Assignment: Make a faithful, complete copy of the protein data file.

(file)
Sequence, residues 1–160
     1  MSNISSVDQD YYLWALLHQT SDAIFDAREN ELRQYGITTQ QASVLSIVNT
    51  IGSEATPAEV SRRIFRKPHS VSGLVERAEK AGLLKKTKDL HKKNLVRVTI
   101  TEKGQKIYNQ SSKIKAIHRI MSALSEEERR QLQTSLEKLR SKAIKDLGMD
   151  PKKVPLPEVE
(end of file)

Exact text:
Sequence, residues 1–160
     1  MSNISSVDQD YYLWALLHQT SDAIFDAREN ELRQYGITTQ QASVLSIVNT
    51  IGSEATPAEV SRRIFRKPHS VSGLVERAEK AGLLKKTKDL HKKNLVRVTI
   101  TEKGQKIYNQ SSKIKAIHRI MSALSEEERR QLQTSLEKLR SKAIKDLGMD
   151  PKKVPLPEVE